Like this year’s Rotterdam film festival, the 2005 Berlinale offered only a few inspired new films, instead presenting a mixture of fine releases from other festivals and a variety of productions that ranged from solid to forgettable.

Regis Wargnier’s woefully inept Man to Man opened the festival. Based on a script by William Boyd, it features Joseph Fiennes as Jamie Dodd, an anthropologist whose attempts to find the link between apes and man lead to the capture of a pygmy couple and their transportation back to England. With his two colleagues (Iain Glenn and Hugh Bonneville), Dodd records every detail of his captives’ physiognomy and behaviour, in the hope that the results will bring fame and fortune.

Featuring exotic shots of deepest, darkest Africa, the film never manages to shake off the feeling that, intentionally or not, it is inherently racist. Although Dodd soon realises the error of his ways and denounces his colleague’s theories, accepting that the ‘visitors’ have an intelligence higher than he had originally thought, he still treats them as freakish objects to be marvelled at. The sad history of Sarah Baartman – the ‘Hottentot Venus’ (a subject both Wargnier and Boyd must surely have encountered in their research) – who was paraded around Europe in the early 19th Century to expand theories of eugenics and the dominance of the white race, should have informed this film more, offering the opportunity to expose genuine savagery; those scientists who believed that their research was in the best interests of mankind. Dodd’s change of heart implies that his two colleagues were alone in their belief, as opposed to the truth, which encouraged regressive, ‘scientifically proven’, attitudes well into the twentieth century. Wargnier’s new project is entitled Have Mercy on us All. One could be forgiven for thinking it was a documentary about audiences who sat through Man to Man.

Equally disappointing was Small Town Italy. An unconvincing drama about the breakdown of a relationship, its descent into the amour fou histrionics more commonly associated with French cinema resulted in laughter from the audience. Redeemer also failed to engage in any way. Unlike the cinemas of other Latin American countries, Brazil appears to have become stuck in a rut where violent crime and prison scenes are a steday staple. The film’s pyrotechnics also failed to impress, covering up a lazy script and an ending that beggared belief – for those that managed to stay till then.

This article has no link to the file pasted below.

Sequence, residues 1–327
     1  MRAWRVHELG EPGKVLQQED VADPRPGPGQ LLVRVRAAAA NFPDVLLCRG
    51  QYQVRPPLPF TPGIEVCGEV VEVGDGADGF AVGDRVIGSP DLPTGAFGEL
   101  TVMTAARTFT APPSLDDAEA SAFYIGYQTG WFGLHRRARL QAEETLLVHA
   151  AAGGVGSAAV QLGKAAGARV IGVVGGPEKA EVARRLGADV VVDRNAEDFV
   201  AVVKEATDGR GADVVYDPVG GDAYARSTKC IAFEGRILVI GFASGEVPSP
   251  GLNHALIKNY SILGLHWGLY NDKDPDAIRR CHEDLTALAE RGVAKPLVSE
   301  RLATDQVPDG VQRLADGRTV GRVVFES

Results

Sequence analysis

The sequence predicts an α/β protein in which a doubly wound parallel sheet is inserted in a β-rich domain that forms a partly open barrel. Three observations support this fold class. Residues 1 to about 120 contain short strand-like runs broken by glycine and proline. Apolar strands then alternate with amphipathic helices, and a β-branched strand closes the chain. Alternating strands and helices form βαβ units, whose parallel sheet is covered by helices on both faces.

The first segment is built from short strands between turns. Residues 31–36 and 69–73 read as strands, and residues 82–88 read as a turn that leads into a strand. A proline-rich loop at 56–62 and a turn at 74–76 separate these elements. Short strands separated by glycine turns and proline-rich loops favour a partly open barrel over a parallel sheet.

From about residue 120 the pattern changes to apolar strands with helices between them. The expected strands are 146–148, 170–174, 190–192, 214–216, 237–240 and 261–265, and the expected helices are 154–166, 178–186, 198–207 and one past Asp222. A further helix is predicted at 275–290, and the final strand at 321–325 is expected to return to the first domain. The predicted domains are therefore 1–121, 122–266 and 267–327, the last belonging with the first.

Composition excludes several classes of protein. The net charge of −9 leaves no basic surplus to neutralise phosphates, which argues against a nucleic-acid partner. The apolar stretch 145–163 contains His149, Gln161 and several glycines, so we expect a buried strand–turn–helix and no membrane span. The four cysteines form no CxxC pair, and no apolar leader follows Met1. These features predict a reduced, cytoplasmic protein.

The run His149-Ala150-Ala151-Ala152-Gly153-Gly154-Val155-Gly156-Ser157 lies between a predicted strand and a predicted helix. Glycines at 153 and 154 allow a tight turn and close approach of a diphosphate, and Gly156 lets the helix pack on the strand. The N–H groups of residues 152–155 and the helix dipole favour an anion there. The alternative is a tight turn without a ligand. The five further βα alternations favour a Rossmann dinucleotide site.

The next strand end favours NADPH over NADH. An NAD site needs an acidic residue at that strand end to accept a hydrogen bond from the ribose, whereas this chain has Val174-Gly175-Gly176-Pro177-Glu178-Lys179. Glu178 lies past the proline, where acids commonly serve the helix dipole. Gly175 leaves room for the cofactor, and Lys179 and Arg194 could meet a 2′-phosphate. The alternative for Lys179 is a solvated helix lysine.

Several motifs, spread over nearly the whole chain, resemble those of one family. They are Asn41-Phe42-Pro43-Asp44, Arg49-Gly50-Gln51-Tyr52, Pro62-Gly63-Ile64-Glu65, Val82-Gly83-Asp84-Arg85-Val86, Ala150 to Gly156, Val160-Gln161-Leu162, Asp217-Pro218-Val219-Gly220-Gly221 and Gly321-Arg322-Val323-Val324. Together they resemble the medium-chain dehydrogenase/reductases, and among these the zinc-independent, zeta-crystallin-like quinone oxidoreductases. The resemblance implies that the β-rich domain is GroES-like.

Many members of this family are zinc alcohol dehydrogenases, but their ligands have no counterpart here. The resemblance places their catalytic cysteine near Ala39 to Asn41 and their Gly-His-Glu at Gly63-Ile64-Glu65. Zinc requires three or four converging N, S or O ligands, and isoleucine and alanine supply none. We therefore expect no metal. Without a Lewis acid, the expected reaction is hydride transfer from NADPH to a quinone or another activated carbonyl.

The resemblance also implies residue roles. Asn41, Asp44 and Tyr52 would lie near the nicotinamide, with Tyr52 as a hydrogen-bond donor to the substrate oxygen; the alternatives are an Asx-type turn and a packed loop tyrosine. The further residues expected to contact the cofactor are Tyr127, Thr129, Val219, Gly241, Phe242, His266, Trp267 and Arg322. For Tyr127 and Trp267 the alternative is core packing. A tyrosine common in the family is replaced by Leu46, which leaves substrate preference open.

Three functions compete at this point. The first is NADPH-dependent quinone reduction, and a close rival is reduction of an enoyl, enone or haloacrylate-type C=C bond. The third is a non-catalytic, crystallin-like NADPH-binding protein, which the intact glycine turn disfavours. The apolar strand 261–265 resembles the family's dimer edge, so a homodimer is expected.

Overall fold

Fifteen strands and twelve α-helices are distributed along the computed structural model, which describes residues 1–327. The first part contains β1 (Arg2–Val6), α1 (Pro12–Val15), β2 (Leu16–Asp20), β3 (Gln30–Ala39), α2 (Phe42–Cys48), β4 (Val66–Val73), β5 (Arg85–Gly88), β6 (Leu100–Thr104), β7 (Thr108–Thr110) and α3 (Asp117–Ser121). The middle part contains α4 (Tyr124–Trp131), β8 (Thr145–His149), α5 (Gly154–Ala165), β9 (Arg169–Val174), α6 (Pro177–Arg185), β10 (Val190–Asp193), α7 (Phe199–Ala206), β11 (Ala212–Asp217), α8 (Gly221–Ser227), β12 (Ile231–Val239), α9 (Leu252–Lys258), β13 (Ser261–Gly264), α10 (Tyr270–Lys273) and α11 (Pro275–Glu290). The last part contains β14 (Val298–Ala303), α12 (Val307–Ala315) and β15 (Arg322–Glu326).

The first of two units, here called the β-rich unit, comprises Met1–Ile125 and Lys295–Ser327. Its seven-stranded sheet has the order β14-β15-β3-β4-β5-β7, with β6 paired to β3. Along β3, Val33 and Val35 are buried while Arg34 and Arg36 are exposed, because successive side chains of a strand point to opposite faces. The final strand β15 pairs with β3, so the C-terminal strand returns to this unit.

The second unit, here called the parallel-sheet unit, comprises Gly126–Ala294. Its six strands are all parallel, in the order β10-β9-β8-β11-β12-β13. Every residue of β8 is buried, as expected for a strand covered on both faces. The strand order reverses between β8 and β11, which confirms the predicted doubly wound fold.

The latest film from David MacKenzie was something of an oddity. Based on the novel by Patrick McGrath and adapted by Patrick Marber, Asylum details a torrid affair between an inmate at a mental hospital and the wife of a senior doctor. The excellent performances of Natasha Richardson and Hugh Bonneville aside, MacKenzie’s film is an anachronistic piece of work that offers little relevance outside of its closeted world.

In Thumbsucker, Justin Cobb finds himself unable to give up his habit of sucking his thumb. When his new-age orthodontist hypnotises him into abstaining, the effect almost causes a breakdown. He is prescribed medication, which transforms him into an outgoing overachiever. Only his addiction to public speaking competitions appears to keep him sane, although his teacher believes he has groomed an overly self-conscious teenager into a monster. Like Donnie Darko, Mike Mills’ debut is a strange affair whose many narrative strands make the film difficult to summarise. However, the sum is a mostly engaging (if wilfully offbeat) comedy drama. Berlin prize winner Lou Taylor Pucci conveys the angst of being a misunderstood teenager, while Vincent D’Onofrio, Tilda Swinton and Vince Vaughan offer solid support as his parents and eccentric teacher. The film also features two hilarious comic turns from Benjamin Bratt as a strung-out soap star treated by Tilda’s nurse at a rehab clinic and Keanu Reeves as the unorthodox orthodontist.